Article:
Lone Pine Koala Sanctuary Loses An Advocate But Support Remains Strong

Two koalas took centre stage for a few, brief minutes with Queen Elizabeth II during her visit to Brisbane in 2011. The moment highlighted the monarch’s support for nature conservation and shone a lasting light on the Lone Pine Koala Sanctuary’s conservation efforts for these tree-climbing marsupials that have become synonymous with Australia. 

A Great Loss

Queen Elizabeth II, Britain’s longest-serving monarch, died peacefully on the 8th of September 2022 at Balmoral Castle. 

A great advocate of conservation efforts for nature and the environment, the Queen died one day after National Threatened Species Day, traditionally celebrated on the 7th of September, the day the Tasmanian tiger (aka thylacine) was pronounced extinct. ⁠

Like the Tasmanian tiger, the Queen was noble and courageous, protective, and devoted to everyone in her circle and beyond.

Efforts Not For Nought

Support for the Lone Pine Koala Sanctuary remains strong as the sanctuary continues the work that the now-deceased monarch had greatly admired.

Located about 12 km away from Brisbane City, it is the world’s first and largest koala sanctuary with 100 koalas. 

In 2021, a $1.4-million expansion project commenced. It is expected to be completed in 2022, weather permitting. 

Lone Pine Sanctuary
Photo Credit: Lone Pine Koala Sanctuary

The upgrades cover 15,000-sqm of space and include a Wild Walk exhibit that involves new animal enclosures through a new wildlife zone and is contained within the existing established eucalyptus plantation.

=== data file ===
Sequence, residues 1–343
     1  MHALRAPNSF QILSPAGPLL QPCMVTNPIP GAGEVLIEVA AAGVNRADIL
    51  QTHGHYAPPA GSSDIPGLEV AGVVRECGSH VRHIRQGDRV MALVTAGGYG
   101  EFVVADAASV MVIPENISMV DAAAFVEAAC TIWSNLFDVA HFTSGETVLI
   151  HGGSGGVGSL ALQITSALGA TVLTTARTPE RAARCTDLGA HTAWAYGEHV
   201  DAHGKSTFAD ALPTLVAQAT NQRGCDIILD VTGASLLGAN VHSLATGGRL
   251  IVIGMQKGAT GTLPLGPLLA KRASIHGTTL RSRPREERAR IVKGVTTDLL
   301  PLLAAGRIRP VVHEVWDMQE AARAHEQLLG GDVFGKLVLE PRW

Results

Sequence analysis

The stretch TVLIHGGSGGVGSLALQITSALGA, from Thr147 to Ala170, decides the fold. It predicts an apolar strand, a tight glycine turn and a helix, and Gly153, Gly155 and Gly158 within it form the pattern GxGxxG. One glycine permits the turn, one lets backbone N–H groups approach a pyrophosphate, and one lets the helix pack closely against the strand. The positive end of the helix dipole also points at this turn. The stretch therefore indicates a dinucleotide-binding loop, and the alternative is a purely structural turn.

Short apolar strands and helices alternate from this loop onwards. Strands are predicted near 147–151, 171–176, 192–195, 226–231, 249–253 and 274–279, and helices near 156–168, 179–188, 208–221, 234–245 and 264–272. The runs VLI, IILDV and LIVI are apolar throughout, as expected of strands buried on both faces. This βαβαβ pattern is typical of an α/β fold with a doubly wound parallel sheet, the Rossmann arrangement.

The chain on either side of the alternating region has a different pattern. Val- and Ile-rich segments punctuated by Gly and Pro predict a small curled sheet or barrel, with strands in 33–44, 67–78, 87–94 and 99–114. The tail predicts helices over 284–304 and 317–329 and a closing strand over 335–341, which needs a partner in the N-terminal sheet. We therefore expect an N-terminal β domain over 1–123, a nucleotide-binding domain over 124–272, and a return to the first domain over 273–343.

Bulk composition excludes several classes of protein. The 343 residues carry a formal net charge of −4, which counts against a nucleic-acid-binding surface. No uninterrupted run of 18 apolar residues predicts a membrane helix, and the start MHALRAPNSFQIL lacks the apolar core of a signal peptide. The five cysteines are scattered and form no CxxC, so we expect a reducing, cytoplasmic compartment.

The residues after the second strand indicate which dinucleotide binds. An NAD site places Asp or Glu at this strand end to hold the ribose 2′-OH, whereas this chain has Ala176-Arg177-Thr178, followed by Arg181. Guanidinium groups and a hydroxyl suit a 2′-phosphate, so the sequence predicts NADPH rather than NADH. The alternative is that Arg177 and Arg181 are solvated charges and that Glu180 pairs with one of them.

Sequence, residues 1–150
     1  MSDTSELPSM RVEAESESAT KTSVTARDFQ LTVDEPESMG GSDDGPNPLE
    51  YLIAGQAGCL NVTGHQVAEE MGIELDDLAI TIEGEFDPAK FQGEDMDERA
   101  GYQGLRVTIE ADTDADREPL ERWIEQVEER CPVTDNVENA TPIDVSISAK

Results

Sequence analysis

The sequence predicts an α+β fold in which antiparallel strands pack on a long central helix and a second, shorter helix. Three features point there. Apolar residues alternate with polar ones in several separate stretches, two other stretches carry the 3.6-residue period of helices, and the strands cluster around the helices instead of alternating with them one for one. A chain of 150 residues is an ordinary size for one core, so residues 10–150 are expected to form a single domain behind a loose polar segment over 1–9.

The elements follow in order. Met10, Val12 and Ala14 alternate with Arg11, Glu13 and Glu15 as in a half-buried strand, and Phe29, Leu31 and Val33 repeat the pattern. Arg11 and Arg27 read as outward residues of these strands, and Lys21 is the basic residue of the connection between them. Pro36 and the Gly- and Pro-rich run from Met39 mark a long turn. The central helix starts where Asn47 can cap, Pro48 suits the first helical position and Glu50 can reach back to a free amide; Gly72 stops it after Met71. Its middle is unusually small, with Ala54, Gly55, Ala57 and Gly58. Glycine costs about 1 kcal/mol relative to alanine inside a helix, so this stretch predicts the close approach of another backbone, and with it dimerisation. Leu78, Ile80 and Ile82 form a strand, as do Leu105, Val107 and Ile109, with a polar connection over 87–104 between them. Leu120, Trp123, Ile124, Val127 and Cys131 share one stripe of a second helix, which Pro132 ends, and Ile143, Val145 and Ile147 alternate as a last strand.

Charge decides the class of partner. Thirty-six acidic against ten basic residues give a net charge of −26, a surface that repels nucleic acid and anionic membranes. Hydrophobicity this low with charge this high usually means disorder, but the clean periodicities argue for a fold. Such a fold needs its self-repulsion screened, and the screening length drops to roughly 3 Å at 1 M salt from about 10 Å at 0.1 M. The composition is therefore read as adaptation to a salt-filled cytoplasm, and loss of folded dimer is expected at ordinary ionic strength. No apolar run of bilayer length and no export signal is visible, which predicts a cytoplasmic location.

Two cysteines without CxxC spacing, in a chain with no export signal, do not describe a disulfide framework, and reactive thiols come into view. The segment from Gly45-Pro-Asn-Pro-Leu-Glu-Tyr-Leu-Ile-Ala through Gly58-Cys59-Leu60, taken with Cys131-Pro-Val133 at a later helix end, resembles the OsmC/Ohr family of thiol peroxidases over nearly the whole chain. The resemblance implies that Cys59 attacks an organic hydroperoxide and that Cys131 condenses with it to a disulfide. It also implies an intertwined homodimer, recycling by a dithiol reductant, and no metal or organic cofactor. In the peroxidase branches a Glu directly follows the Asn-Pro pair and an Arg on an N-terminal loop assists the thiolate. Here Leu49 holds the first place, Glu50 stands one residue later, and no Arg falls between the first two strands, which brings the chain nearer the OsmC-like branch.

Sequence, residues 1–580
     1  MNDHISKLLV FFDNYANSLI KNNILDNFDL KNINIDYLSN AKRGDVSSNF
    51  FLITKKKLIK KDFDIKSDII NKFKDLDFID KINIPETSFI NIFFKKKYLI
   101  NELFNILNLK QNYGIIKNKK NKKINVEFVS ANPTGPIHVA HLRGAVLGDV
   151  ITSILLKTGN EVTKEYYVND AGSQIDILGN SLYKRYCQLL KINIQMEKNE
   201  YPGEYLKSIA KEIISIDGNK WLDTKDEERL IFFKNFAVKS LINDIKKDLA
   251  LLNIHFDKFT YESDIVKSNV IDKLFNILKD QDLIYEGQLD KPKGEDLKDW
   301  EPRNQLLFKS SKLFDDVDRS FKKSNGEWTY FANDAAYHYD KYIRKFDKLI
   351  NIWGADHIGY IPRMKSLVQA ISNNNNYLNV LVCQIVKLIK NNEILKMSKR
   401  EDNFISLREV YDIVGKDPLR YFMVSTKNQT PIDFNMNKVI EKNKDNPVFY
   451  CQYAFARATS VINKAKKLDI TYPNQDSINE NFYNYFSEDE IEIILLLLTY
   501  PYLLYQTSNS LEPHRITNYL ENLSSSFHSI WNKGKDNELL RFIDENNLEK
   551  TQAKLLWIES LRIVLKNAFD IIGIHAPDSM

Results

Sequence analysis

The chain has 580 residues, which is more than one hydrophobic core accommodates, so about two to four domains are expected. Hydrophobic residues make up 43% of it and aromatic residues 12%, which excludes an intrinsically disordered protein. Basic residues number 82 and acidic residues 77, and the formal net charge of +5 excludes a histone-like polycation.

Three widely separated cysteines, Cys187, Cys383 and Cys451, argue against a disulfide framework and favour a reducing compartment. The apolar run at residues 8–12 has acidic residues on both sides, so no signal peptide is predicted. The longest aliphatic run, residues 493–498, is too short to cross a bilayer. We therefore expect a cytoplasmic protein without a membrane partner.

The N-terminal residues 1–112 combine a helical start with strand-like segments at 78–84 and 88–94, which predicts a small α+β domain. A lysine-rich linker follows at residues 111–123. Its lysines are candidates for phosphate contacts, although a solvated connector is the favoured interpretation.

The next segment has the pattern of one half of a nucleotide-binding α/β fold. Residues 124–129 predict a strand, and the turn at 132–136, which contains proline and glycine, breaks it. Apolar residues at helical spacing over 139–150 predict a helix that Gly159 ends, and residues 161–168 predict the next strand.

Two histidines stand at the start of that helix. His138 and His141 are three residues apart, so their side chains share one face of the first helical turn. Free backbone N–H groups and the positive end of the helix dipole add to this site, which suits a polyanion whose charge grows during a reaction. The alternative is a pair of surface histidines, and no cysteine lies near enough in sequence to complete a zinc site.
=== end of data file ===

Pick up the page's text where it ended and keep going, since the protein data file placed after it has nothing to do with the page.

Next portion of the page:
“Since opening in 1927, Lone Pine Koala Sanctuary has been a favourite with domestic and international visitors, as well as generations of Southeast Queensland families,” Tourism Minister Stirling Hinchliffe said, during the groundbreaking of the project in August 2021.

“This project will not only allow us to provide local, interstate and international guests with new and engaging wildlife experiences, but also help us secure ongoing employment opportunities for both new and existing staff, and significantly contribute to Brisbane’s recovering tourism industry,” he said.

“We’ve invested $1.2 million in Lone Pine Koala Sanctuary through our Growing Tourism Infrastructure Fund to help deliver new tourism experiences and up to 25 construction and ongoing jobs,” he added.

Aside from the world-famous koalas, the sanctuary also has tree kangaroos, wombats, echidnas, Tasmanian devils, bettongs, quokkas, and potoroos. 

(from L to R) Tamielle Brunt (Wildlife Qld), LM Adrian Schrinner & Keeper Beck (Lone Pine)
Photo Credit: Facebook/Lone Pine Koala Sanctuary

In 6 September, Wildlife Queensland’s PlatypusWatch Network annual eDNA monitoring project was launched during a visit to the sanctuary by Cr Adrian Schrinner. The platypus population at Brisbane’s waterways has been identified through critical research and Moggill Creek has emerged as Brisbane’s top hotspot. Platypus populations have also been identified in Albany Creek, Bullockhead Creek, Sandy Creek, Kholo Creek, Pullen Pullen Creek, and Shelley Creek.

The Queen would have been so proud.